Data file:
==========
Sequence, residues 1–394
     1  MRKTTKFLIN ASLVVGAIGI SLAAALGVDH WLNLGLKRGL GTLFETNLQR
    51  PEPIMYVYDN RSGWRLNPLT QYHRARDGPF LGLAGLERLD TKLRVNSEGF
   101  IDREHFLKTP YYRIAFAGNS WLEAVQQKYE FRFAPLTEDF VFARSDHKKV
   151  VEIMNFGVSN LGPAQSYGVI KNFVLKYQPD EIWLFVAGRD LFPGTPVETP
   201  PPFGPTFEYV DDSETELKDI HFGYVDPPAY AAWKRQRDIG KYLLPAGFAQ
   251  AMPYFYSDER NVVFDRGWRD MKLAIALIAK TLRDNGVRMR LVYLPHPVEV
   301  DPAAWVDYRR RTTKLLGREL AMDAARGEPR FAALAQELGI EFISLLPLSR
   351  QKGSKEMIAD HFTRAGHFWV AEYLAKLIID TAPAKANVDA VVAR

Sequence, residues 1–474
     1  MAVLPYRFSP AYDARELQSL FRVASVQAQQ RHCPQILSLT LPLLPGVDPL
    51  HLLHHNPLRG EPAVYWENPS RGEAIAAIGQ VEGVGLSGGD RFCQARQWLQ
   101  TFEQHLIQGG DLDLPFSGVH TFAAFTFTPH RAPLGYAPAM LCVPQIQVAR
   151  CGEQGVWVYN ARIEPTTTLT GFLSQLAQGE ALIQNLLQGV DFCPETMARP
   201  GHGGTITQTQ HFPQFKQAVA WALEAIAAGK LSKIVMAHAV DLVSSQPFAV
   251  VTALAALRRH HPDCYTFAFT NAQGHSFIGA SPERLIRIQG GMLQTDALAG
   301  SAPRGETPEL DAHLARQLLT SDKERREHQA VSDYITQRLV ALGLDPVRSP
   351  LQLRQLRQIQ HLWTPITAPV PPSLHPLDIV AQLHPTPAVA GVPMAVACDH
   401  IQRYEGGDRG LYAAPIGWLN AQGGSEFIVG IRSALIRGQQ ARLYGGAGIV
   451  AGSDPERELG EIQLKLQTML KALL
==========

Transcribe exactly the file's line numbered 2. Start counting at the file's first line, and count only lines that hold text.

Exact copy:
     1  MRKTTKFLIN ASLVVGAIGI SLAAALGVDH WLNLGLKRGL GTLFETNLQR